A new report from consumer electronics group Phillips has found that 98% of all energy is wasted and that the deployment of energy efficient technologies could reduce household energy bills by a third. To understand this, imagine if when you boil an egg only 2% of the energy used results in the final output of a boiled egg. The rest is lost.
The study 2015 Energy Productivity and Economic Prosperity Index, published on Tuesday 17 February analyses the economic and environmental opportunity afforded by increasing energy productivity. UK business is highlighted as having a particular opportunity to capitalise on energy efficiency due to its service-driven nature. The research finds that by tackling energy waste, the UK could “lower its energy use to around 3.5 exajoules in 2030, down from 5.4 exajoules in 2012”. Energy productivity is derived by working out how many euros a country produces per unit of energy consumed. For those countries with high levels of industry that are not energy intensive, such as the service sector, the level of energy productivity will be higher.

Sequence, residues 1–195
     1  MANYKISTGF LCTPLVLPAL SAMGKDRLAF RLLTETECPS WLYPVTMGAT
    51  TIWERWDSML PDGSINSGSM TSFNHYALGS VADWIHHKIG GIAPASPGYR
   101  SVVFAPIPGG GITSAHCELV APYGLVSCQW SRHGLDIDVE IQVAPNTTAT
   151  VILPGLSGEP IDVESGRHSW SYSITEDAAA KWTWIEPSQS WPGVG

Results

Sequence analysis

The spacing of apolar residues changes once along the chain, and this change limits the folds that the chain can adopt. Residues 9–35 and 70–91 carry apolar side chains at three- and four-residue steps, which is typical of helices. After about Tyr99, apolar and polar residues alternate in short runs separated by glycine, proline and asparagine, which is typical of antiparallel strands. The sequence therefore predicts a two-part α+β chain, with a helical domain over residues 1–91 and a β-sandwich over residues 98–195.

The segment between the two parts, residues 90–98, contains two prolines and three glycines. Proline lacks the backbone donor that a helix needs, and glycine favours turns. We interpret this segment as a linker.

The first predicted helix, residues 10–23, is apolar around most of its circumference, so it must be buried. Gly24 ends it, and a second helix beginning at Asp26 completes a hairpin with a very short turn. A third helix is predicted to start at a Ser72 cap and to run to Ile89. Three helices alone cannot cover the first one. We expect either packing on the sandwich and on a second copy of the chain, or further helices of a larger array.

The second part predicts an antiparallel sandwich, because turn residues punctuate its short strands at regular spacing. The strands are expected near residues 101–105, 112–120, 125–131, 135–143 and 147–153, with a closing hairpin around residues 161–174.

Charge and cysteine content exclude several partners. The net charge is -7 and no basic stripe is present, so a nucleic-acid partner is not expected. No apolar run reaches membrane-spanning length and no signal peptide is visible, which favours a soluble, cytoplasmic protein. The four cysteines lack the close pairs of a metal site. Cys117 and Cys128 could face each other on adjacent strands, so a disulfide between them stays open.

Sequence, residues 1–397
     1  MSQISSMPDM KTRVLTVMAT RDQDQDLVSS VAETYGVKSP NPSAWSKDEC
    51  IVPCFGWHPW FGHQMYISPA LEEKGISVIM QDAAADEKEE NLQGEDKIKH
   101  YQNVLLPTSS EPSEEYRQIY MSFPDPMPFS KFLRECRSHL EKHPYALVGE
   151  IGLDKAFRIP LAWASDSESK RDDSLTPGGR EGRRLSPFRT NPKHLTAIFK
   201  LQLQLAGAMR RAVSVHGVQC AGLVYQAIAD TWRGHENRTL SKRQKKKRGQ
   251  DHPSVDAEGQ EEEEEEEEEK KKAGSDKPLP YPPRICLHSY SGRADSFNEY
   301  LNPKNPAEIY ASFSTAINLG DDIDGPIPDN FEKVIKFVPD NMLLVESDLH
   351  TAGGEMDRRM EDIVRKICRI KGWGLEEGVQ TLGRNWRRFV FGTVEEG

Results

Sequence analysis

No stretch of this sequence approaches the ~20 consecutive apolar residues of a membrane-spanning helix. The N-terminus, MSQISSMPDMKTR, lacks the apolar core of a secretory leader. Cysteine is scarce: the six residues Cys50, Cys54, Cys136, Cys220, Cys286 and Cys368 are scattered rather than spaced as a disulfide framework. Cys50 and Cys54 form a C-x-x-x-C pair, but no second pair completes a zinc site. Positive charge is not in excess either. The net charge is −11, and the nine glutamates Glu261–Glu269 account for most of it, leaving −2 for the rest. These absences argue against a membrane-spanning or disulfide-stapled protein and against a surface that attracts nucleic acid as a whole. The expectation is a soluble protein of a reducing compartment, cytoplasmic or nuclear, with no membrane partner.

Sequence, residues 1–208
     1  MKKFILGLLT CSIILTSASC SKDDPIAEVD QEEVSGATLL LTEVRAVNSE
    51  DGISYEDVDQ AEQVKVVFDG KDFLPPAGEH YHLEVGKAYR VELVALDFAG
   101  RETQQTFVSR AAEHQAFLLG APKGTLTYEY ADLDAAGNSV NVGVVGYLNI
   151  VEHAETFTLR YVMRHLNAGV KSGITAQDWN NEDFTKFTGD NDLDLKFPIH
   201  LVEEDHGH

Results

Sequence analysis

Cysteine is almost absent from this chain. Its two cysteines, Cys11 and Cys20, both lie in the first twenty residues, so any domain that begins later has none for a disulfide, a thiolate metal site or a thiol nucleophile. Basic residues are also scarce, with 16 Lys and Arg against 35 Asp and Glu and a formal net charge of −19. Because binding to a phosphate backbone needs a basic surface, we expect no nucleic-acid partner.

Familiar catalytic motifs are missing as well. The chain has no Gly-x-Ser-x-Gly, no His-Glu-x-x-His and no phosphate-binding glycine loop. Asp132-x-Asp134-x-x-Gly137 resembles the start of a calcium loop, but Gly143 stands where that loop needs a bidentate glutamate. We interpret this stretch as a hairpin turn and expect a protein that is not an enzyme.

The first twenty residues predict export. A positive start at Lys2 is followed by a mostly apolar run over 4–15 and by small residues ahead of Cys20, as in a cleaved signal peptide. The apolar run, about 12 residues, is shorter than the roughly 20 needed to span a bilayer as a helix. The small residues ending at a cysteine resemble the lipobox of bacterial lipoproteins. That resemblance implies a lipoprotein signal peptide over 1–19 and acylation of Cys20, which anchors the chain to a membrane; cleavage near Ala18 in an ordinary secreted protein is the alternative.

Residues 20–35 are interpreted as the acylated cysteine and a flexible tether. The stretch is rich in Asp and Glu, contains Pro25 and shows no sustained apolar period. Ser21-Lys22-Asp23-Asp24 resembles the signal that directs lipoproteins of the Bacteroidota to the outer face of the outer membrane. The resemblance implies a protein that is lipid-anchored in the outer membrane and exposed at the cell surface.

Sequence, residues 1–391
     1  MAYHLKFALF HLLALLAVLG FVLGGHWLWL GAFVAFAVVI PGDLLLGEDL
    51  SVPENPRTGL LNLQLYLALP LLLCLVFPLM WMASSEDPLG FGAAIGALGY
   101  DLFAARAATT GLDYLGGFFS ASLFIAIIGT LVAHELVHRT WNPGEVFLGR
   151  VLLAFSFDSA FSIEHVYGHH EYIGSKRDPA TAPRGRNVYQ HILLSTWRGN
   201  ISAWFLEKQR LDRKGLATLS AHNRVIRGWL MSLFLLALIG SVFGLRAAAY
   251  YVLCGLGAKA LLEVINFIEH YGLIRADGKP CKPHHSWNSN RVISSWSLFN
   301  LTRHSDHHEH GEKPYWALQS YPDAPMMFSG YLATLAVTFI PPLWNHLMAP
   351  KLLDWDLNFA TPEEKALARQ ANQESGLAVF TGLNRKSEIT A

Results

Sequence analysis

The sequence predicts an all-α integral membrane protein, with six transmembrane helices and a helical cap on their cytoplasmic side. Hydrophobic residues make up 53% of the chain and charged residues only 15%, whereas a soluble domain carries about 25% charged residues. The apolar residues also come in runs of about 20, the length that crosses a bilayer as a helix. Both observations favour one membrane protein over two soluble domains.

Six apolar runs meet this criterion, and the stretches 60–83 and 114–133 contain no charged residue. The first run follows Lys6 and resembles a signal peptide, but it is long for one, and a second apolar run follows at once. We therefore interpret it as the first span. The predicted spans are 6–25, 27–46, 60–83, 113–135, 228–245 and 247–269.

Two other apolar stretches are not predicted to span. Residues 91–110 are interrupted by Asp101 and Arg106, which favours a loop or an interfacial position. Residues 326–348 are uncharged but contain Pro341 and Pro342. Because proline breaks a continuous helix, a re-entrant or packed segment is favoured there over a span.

The report also found that Europe could double its energy productivity performance by fully utilising existing technologies by 2030 and that improving energy productivity from close to 1.5%/year to 3%/year would reduce the global fossil fuel bill by more than €2tr by 2030.
The report index ranked performance of countries by the amount of GDP per unit of energy consumed. At the top of the rankings was Hong Kong with €456bn GDP per exajoule consumed. Cuba came second with €365bn per exajoule. Clearly countries where the weather is warmer will have a reduced consumption because of heating and those with strong service sectors such as banking and finance will be better placed. The UK was ranked 26th but other leading economies trailed even further behind with Germany in 35th place and the US in 87th position. The US has pledged to double its energy productivity by 2030.
Information supplied by Cornwall Energy